Other features[edit]

There is also a multimedia tour which uses a PDA to provide not only audio content, but also video and still images, adding to the visitor's experience. The PDA has a "bookmark" feature, that allows visitors to email special features of the exhibit to their email address. The exhibition also includes a number of documentary videos about the technology of Star Wars and the comparison of real-world technology to that of the Star Wars universe.


One of the computer interactives in the exhibit, Human or Machine?, developed by interactive media developer Paula Sincero (InquiryLearn) in collaboration with Museum of Science (Boston) was honored with an honorable mention in the 2006 Media & Technology MUSE Awards in the science category by the American Alliance of Museums (AAM). "MUSE awards recognize outstanding achievement in Galleries, Libraries, Archives, and Museums (GLAM) media. The Media & Technology Professional Network’s annual awards are presented to institutions that enhance the GLAM experience and engage audiences with useful and innovative digital programs and services. The MUSE awards celebrate scholarship, community, innovation, creativity, education, accessibility, and inclusiveness...Winning projects for each category are chosen by an international group of GLAM technology professionals." (from the AAM website)

The multi-person, role-playing interactive encourages interaction among museum visitors around ethics and decision-making at the intersection of science and society. Humor, surprise, compelling animations, and thought-provoking questions prompt reflection and visitor discussion about the possible consequences of human augmentation as visitors are invited to augment themselves (or not) and see how various scenarios play out. By tapping into both the head and heart, this popular, award-winning interactive stimulates the imagination and invites spirited debate!


A companion book of the same name, produced by Lucasbooks, and edited by the Boston Museum of Science was published by National Geographic in October 2005. The book's introduction is by Anthony Daniels who played the famous character C-3PO in the Star Wars saga. The book mainly discusses the same themes and concepts as covered by the traveling exhibition.[7] A second edition of the book was released in September 2006.[8]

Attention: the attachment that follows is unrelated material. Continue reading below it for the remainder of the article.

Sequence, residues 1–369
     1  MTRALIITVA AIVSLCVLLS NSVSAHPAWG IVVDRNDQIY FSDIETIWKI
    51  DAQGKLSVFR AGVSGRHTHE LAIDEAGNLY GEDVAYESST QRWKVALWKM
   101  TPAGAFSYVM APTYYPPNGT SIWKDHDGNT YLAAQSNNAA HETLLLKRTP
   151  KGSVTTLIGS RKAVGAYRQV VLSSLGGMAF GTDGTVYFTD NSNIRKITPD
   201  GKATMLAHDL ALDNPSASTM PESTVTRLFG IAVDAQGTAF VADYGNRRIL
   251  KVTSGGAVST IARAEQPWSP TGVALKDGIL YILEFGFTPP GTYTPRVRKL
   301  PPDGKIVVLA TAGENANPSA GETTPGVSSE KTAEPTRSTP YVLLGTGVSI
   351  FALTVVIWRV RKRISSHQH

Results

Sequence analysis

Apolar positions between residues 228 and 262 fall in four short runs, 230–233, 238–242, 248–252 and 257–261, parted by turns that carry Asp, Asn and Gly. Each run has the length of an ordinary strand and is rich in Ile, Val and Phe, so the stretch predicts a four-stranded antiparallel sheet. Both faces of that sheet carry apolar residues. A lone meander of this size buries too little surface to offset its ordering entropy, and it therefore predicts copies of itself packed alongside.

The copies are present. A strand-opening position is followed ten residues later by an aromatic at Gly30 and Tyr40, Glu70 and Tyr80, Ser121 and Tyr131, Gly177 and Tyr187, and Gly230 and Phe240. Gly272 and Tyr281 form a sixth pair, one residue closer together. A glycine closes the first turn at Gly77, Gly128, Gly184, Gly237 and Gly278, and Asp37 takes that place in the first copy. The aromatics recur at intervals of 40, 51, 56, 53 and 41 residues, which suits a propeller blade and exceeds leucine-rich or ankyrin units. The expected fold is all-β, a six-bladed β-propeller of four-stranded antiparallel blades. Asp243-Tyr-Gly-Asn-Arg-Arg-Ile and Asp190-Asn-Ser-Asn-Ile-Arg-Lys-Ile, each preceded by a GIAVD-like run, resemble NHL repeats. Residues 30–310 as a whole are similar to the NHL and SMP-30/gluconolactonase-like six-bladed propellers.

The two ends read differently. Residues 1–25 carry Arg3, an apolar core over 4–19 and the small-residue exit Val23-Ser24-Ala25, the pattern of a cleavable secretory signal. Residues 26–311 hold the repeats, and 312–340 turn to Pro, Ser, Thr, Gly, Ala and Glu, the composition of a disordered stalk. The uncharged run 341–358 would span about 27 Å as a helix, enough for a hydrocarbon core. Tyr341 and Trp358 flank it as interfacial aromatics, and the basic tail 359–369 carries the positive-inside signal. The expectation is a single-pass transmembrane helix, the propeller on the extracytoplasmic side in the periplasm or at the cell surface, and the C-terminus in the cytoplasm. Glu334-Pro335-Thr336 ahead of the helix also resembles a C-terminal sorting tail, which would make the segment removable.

Tour schedule[edit]

The final venue of the tour was announced in Spring 2013.[10]

See also[edit]


  1. ^ D'Souza, Karen (Oct 16, 2013). "'Star Wars' exhibit launches warp speed into San Jose Tech Museum". San Jose Mercury News.
  2. ^ ""Starwars exhibit makes its premiere in Boston" (Television news article)". Brad Puffer. New England Cable News. {{cite web}}: Missing or empty |url= (help)2005-10-27.
  3. ^ "Star Wars - Where Science Meets Imagination Exhibit - Museum of Science, Boston".
  4. ^ "Experience "Star Wars: Where Science Meets Imagination" At The Tech". 15 April 2013.
  5. ^ "Star Wars: Where Science Meets Imagination Lands in our Galaxy--at the Fort Worth Museum of Science and History - Business Wire". 7 June 2007.
  6. ^ a b "Famed Mandalorian Warrior and the Best Bounty Hunter in the Galaxy Joins the Empire". Tran, Michelle. The Tech Museum of Innovation. Archived from the original on 2015-01-30. Retrieved 25 February 2014.
  7. ^ Star wars: where science meets imagination (2005). National Geographic. 2005. ISBN 079226200X – via Internet Archive.
  8. ^ Star wars: where science meets imagination (2006). Boston Museum of Science. 2006. ISBN 079226200X.
  9. ^ "Next month, in a gallery not so far away". Sydney Morning Herald. November 21, 2008. Retrieved 2008-12-14.
  10. ^ Pizarro, Sal. "'Star Wars' science exhibition coming to Tech Museum". San Jose Mercury News. Bay Area News Group. Retrieved 9 July 2013.